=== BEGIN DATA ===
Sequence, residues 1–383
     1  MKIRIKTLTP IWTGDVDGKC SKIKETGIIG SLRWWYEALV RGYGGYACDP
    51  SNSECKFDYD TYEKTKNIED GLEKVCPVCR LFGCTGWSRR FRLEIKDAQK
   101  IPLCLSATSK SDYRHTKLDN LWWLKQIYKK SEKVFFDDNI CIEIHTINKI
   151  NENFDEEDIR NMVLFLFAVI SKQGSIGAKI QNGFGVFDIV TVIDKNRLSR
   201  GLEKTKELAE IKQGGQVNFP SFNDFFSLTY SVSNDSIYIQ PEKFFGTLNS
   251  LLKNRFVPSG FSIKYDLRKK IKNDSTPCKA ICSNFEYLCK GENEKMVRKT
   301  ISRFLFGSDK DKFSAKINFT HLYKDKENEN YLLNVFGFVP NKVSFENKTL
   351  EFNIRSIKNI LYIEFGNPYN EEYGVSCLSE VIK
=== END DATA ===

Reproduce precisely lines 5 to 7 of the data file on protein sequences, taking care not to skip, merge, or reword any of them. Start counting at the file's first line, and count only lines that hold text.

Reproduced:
   151  NENFDEEDIR NMVLFLFAVI SKQGSIGAKI QNGFGVFDIV TVIDKNRLSR
   201  GLEKTKELAE IKQGGQVNFP SFNDFFSLTY SVSNDSIYIQ PEKFFGTLNS
   251  LLKNRFVPSG FSIKYDLRKK IKNDSTPCKA ICSNFEYLCK GENEKMVRKT